There's again so much to say - since Salta we have seen what is in my opinion some of the most spectacular scenery on Earth, starting from the bus ride from Salta to San Pedro de Atacama (Chile), passing over 4500m (our record at the time), but mostly from our three day 4x4 trek into Bolivia. Scenes such as laguna Verde, smoking geisers, laguna Colorada and it's thousands of flamingoes, fantastic rock formations, numerous snow capped volcanoes, multicoloued desert landscapes and the absolutely gorgeous 12000 square km salt plain of Uyuni. Not forgetting our first try at chewing coca leaves to help us adjust to the altitude and to do in Bolivia as the Bolivians do.

The pictures will paint a better picture than I can tell (we'll update photobucket asap).

It's mostly been undescribable.

Since arriving in San Pedro de Atacama last Thursday where we were at an altitude of 2500m, we've steadily moved up, spending the first night of our Uyuni trip at 4200m, followed by 3800m in Uyuni and now 4100m in Potosi. Our highest point was reached briefly during the trip at 5000m - the highest point on land any of us had ever been too.

Potosi is one of Bolivia's highest cities. Although non of us have had any problems acclimatising so far, we can most certainly feel the difficulties of breathing up here. To add to it, the city is a hilly one, so we have to stop to catch our breath ever now and then.

It was founded in the mid 16th Century as a silver mining city and rapidly became one of Bolivia's richest. Today, although the mine doesn't offer the riches it once did, 12000 miners forming some 300 corperatrivos still work inside extracting mainly zinc and lead and just a small portion of silver.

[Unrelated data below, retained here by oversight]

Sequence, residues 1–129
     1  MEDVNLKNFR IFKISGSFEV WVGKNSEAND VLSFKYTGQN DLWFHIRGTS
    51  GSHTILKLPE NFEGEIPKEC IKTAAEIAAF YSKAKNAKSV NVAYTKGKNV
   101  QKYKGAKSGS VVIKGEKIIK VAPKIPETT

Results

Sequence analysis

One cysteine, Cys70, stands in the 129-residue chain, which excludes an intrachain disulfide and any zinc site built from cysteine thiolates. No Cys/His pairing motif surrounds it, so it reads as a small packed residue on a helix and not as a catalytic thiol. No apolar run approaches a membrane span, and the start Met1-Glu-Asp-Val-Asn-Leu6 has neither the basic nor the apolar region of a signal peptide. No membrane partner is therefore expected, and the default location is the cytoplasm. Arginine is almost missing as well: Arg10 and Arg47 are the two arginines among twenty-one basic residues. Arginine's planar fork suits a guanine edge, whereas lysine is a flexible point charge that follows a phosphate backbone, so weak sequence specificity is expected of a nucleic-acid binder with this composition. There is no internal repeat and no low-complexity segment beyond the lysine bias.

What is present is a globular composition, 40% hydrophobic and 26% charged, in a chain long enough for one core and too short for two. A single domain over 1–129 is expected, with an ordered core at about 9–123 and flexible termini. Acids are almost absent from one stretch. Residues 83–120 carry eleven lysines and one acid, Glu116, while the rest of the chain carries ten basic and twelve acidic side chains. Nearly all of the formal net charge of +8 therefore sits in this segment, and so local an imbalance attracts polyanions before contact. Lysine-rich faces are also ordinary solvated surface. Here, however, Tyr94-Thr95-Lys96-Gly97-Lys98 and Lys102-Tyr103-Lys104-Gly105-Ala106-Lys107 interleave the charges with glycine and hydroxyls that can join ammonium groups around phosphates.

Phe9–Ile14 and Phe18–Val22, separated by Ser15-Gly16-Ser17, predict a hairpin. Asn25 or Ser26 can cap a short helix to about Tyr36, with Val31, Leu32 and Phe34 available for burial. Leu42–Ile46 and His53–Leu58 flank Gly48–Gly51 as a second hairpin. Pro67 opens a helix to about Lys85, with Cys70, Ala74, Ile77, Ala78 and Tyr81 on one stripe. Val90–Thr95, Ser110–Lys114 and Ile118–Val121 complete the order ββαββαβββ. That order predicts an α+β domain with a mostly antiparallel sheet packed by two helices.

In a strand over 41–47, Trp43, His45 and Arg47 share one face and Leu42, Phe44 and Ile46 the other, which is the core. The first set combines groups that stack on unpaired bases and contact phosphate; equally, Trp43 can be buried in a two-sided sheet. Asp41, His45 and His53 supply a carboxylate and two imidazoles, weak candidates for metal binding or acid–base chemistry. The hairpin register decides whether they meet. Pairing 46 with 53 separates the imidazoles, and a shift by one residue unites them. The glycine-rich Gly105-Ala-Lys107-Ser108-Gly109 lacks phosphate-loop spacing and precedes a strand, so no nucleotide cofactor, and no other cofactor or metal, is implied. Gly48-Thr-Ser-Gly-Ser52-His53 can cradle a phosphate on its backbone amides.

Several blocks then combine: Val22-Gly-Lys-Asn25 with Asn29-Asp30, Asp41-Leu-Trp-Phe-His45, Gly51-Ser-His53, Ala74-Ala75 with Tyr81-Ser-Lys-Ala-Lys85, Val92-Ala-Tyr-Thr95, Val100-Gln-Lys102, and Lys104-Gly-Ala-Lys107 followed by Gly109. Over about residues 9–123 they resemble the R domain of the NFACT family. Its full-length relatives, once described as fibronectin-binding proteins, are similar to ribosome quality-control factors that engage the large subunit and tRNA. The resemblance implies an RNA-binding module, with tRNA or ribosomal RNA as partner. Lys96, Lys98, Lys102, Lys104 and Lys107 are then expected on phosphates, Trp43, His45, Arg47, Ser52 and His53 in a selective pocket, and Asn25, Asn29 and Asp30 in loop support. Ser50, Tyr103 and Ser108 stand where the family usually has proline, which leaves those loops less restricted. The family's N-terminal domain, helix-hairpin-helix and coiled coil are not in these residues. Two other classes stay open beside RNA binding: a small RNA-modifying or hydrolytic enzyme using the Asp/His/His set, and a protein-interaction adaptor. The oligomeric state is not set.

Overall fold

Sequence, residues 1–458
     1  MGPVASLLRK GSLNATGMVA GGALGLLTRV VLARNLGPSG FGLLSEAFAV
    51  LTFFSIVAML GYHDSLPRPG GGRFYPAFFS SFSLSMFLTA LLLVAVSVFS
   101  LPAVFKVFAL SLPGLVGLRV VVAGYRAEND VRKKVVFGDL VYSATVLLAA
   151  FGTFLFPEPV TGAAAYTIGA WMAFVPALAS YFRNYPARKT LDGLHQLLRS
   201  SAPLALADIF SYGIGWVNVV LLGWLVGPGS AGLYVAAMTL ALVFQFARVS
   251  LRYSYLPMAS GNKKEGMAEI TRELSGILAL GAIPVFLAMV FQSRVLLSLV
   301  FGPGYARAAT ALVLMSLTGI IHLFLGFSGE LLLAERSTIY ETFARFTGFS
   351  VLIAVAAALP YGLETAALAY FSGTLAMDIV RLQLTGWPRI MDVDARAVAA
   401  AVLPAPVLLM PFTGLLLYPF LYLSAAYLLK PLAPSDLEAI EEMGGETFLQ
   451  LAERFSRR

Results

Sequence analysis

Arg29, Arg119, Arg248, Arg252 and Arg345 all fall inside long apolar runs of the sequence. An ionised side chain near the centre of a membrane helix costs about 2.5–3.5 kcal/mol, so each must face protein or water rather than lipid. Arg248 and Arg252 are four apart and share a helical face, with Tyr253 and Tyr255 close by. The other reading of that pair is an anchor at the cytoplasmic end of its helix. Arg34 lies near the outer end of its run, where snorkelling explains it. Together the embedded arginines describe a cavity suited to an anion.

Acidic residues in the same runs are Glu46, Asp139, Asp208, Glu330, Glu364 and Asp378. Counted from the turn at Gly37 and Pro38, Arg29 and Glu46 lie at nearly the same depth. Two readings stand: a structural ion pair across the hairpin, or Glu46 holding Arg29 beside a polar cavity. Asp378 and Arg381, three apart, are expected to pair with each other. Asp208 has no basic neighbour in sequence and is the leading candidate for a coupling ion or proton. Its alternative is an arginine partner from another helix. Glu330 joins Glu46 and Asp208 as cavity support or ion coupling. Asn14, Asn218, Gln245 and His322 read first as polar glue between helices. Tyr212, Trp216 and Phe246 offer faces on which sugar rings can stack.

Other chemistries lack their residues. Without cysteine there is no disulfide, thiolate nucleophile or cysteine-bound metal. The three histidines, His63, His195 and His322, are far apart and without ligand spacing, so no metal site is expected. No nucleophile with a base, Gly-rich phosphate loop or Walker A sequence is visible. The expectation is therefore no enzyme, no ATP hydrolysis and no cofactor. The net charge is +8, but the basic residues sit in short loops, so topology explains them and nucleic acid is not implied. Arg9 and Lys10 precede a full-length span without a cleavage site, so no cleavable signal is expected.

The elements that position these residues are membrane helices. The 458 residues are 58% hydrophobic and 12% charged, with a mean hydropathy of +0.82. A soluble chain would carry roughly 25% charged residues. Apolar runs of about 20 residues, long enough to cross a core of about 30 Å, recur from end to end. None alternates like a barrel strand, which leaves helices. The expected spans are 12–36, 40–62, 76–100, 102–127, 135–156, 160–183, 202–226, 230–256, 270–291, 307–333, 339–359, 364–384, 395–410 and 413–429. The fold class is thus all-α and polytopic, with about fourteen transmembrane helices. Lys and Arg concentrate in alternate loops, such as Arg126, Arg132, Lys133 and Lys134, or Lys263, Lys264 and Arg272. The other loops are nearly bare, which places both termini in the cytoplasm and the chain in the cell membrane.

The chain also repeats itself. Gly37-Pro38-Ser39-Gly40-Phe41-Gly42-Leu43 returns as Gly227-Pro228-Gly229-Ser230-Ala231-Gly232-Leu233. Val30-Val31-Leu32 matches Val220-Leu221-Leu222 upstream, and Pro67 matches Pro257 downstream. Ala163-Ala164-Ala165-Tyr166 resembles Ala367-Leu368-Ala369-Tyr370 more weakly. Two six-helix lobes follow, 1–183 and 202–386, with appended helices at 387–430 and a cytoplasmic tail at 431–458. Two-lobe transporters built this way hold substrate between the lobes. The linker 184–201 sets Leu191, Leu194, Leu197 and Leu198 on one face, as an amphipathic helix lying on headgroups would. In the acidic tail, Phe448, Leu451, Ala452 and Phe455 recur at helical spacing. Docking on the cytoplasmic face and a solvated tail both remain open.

We visited the mine today which is still being operated in the tradition way - meaning no use of machinery. The miners work up to 15h a day, chewing on coca leaves and drinking 96 degree alcohol. Even though I felt a little voyeur being in there, we did get a an inside view of a miners life. We were taken in 1km and approximately 60m down to the 3rd level (there are 6 if I remember correctly) where breathing dusty air, crawling on hands and knees and climbing up and down the shafts on rough steps was tough enough. Watching them push and pull 2 ton troleys on rickety rails and filling up a few of the 400 ruber bags each weighing 200kg they fill each day made me realise that these miners probably have the roughest and toughest job on earth.

Tomorrow we move on to Sucre - much lower by Bolivian standards at 2700m.

Take care. Hugs, Marie

Friday, March 24, 2006

A last look at Argentina before heading for the dizzying heights!

Salta and suroundings...





Tom and family in Cordoba and the city of Salta!





Nearing Bolivia

So, we never gave you the special "half-way through edition" that we promised. In stead of that we told you all about how low we were feeling in Mendoza, something that might have appeared slightly unjustifiable to many of you. The last thing that needs to be said about that 'phase' we went through is that travelling for an extended period of time will always involve highs and lows.
I have yet to meet the freaks who never get home-sick and who dont miss their own bug-free bed every now and then. Its not uncommon to hear travellers complain about being fed up with travelling and moving around. When in Mendoza, the first guy we met told us that in the week hed spent there, he had done nothing but visiting two bodegas. Its normal since when you are away from home for the amount of time that we are, you also need time to relax and get to know the place. You need to make a home away from home, and when an evening to the cinema turns into the most exciting excursion of the week, you kind of know youve been pushing yourself and that its time to stop trying to climb every mountain that you come across.